What is Gastroparesis?
Gastroparesis is a disease of the stomach where it does not empty properly and food sits in the stomach longer than it is supposed to. There are a few known causes, such as diabetes and narcotic dependence. Other instances are idiopathic, meaning the cause is unknown. Gastroparesis cannot be cured; however, the therapies mentioned are to help manage the symptoms and hopefully improve on the overall quality of life. Symptoms of gastroparesis include nausea, vomiting, reflux, weight loss and abdominal pain. The vomiting can be severe enough to cause dehydration and need for hospitalization. Gastroparesis is a chronic condition and there is no cure.
Diagnosis of Gastroparesis
Gastroparesis diagnosis is made by a study called a solid gastric emptying study (SGE). Some radiology departments do a 2 hour study and calculate a 4 hour estimate. When we are considering surgical options to manage gastroparesis, we require a 4 hour study.
An upper endoscopy is also done to make sure there is not a process that is blocking the exit of the stomach.
Gastroparesis Treatment Options
There are a few medications that can help the stomach empty. These include Reglan (metoclopramide) and domperidone. There are some precautions that need to be taken with taking these medications, but they can help manage symptoms (which is the goal of any therapy for this disease). Because there is not a cure for gastroparesis, the medications need to be taken for life. Reglan is available in the United States. Domperidone is not FDA approved, but can be compounded or purchased from a pharmacy online. An EKG (electrocardiogram) needs to be done before starting the medication as it should not be given to patients that have a prolonged QT interval.
The Enterra device was FDA approved for use in 1999. It is a neurostimulator that is placed surgically. Although this does not make the stomach empty normally, it interferes with the message of nausea to the brain, which helps improve the overall quality of life.
This is a surgically placed tube that is placed in the small intestine. This is done to maintain nutrition without relying on the stomach. This gastroparesis treatment option can be temporary, or permanent, depending on the disease process.
This is a laparoscopic surgery where the valve that empties the stomach is cut and then sewed together in a more open fashion. This can help the stomach empty better and improve symptoms. There are some risks to the surgery, so it isn’t a good choice for everyone. Potential problems include reflux (including bile reflux which is difficult to treat with medications), persistence of gastroparesis symptoms, leaking from the surgery site, and infection.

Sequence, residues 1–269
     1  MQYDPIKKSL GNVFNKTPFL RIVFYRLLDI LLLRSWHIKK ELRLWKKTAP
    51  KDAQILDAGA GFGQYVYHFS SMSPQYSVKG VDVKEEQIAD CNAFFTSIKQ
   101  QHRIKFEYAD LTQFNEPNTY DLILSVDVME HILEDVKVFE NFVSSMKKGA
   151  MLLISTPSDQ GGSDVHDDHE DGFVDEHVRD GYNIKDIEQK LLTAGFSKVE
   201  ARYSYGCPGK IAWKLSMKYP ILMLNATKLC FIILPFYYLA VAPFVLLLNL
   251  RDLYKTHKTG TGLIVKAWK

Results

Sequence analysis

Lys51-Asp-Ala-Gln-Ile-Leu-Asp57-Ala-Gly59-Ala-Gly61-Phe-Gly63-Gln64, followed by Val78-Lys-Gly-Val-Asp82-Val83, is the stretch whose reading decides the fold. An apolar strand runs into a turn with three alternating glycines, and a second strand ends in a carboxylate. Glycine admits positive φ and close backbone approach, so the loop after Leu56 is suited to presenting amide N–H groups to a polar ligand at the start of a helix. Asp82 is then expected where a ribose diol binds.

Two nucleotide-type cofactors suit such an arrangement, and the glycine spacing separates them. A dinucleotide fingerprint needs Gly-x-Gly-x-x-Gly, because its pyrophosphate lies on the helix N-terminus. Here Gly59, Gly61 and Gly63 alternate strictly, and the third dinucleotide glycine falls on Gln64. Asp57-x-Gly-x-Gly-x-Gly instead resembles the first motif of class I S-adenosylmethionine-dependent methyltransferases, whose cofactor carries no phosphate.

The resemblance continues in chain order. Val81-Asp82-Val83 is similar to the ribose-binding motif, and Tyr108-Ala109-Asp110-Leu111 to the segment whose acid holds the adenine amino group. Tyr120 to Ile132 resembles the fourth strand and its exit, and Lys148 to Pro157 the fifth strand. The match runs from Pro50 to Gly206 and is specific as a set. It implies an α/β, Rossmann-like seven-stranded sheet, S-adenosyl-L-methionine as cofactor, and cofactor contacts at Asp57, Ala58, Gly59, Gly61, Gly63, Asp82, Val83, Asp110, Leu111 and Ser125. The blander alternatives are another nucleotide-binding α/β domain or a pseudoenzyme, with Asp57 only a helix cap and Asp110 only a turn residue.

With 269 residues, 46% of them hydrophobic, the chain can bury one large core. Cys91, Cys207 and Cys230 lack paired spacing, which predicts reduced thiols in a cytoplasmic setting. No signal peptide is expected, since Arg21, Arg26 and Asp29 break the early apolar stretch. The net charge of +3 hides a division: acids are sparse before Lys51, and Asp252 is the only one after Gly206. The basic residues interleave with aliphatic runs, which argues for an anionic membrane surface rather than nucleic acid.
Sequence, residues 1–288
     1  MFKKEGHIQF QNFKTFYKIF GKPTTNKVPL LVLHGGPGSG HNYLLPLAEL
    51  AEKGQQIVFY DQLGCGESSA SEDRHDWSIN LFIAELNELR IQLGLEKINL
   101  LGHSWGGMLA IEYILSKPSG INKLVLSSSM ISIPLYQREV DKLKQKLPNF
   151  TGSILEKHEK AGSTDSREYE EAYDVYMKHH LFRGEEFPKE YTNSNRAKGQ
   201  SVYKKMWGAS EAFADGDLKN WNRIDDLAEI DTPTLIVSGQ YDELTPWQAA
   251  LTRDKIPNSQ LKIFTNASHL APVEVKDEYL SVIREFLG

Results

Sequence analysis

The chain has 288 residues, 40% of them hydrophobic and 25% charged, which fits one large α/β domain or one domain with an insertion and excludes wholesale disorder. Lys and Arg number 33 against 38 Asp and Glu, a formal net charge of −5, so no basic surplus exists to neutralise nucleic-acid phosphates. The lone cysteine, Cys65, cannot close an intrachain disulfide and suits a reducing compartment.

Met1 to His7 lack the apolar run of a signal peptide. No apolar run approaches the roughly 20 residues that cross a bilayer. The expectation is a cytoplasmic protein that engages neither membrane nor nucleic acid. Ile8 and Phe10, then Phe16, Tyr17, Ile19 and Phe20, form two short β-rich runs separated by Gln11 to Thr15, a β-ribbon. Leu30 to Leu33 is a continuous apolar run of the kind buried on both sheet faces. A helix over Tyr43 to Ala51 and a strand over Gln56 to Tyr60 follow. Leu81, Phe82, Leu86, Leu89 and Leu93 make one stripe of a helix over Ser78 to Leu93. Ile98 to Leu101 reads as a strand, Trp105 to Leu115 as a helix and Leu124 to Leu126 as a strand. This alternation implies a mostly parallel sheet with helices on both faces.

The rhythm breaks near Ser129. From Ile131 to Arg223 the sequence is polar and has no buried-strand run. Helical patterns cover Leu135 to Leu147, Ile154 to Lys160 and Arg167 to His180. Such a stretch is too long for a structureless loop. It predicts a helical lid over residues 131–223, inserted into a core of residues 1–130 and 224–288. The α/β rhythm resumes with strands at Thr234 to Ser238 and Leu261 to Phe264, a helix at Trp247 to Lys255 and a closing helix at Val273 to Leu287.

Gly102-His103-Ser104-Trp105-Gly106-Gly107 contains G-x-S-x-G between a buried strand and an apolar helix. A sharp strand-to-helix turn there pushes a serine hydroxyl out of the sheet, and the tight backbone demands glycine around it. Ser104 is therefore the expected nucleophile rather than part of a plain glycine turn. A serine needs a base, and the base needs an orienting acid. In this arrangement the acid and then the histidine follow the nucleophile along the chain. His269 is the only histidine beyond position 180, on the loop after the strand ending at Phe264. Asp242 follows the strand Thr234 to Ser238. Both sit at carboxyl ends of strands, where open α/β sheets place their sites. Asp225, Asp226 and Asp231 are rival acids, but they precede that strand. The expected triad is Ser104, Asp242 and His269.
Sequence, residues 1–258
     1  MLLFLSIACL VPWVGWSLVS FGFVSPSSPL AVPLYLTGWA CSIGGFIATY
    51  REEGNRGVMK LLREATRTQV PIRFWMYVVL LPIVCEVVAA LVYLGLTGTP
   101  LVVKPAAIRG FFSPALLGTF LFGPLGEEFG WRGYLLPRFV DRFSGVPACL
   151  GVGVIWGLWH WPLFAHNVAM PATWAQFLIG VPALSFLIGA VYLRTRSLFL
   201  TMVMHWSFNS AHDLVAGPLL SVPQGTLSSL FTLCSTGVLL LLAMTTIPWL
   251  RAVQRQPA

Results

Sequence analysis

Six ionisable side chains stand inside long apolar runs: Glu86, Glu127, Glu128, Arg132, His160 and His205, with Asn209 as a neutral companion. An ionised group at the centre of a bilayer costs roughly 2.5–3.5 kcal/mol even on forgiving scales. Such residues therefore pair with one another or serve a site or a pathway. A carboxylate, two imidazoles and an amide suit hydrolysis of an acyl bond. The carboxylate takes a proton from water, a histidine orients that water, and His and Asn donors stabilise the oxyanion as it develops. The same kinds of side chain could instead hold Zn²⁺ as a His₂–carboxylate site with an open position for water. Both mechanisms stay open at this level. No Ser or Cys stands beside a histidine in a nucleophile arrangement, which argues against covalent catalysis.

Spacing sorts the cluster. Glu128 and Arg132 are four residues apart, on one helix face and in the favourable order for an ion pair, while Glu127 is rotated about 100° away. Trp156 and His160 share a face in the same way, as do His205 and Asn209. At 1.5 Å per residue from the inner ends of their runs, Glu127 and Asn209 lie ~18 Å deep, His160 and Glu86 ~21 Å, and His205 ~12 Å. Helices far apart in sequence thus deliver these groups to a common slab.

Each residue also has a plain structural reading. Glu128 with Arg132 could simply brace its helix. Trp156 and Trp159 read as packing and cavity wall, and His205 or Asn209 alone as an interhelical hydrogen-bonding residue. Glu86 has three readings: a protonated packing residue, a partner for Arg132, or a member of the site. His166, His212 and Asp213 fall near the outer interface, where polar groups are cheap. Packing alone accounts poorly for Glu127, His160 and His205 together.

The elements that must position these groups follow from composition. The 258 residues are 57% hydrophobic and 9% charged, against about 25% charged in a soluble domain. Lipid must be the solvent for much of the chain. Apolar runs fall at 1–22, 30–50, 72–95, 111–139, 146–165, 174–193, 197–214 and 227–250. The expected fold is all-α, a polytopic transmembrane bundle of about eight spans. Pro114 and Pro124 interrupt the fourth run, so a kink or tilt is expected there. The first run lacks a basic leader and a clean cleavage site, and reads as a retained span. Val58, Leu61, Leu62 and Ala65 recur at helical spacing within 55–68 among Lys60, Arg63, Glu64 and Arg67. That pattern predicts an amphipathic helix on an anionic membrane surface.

Removal of Stomach
If other interventions are not successful in improving severe symptoms, Dr. Bell may discuss removing most of your stomach. This is called a partial gastrectomy.
Living with Gastroparesis
Since there is not a cure for gastroparesis, and there is currently not a way to make your stomach work again, we have a few suggestions that may help with improving your overall quality of life.
If your gastroparesis is related to diabetes, the damage has been done and cannot be reversed. The better you can control your blood sugar, the slower the disease will progress. Gastroparesis is only one complication of diabetes. The better control of your A1C, the lower your risk of complications.
Narcotics can be life altering for those with chronic pain. The downside to narcotics is they slow the digestive tract significantly – in some more than others. If the gastroparesis is related to narcotics, the best way to treat gastroparesis is to try to find an alternative to the narcotics for the chronic pain. If this is not possible, the above treatments may be helpful.
Before and After Surgery for Gastroparesis
If surgery is an option and you should decide to proceed, we will want you to be on a clear liquid diet for 48 hours prior to surgery. We are unable to do the surgery if there is food in the stomach. For Enterra and pyloroplasty treatments, surgery is done laparoscopically for the most part. Surgery takes and hour to an hour and a half. Some patients go home the same day and some stay overnight.
For gastrectomy patients, this is done either laparoscopically or openly, depending on the individual circumstances. If it is performed laparoscopically, the hospital stay is generally a few days shorter than the open procedure. There are diet restrictions and vitamin supplements that will need to be followed for life.